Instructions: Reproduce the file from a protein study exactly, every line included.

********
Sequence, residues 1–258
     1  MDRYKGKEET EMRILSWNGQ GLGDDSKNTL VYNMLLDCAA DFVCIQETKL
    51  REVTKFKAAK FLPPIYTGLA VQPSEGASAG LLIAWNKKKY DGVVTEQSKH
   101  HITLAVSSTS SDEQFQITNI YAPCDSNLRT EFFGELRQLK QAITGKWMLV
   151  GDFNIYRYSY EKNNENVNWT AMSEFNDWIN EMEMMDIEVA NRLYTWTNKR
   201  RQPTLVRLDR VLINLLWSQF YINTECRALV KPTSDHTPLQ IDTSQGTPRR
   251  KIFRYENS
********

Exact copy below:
Sequence, residues 1–258
     1  MDRYKGKEET EMRILSWNGQ GLGDDSKNTL VYNMLLDCAA DFVCIQETKL
    51  REVTKFKAAK FLPPIYTGLA VQPSEGASAG LLIAWNKKKY DGVVTEQSKH
   101  HITLAVSSTS SDEQFQITNI YAPCDSNLRT EFFGELRQLK QAITGKWMLV
   151  GDFNIYRYSY EKNNENVNWT AMSEFNDWIN EMEMMDIEVA NRLYTWTNKR
   201  RQPTLVRLDR VLINLLWSQF YINTECRALV KPTSDHTPLQ IDTSQGTPRR
   251  KIFRYENS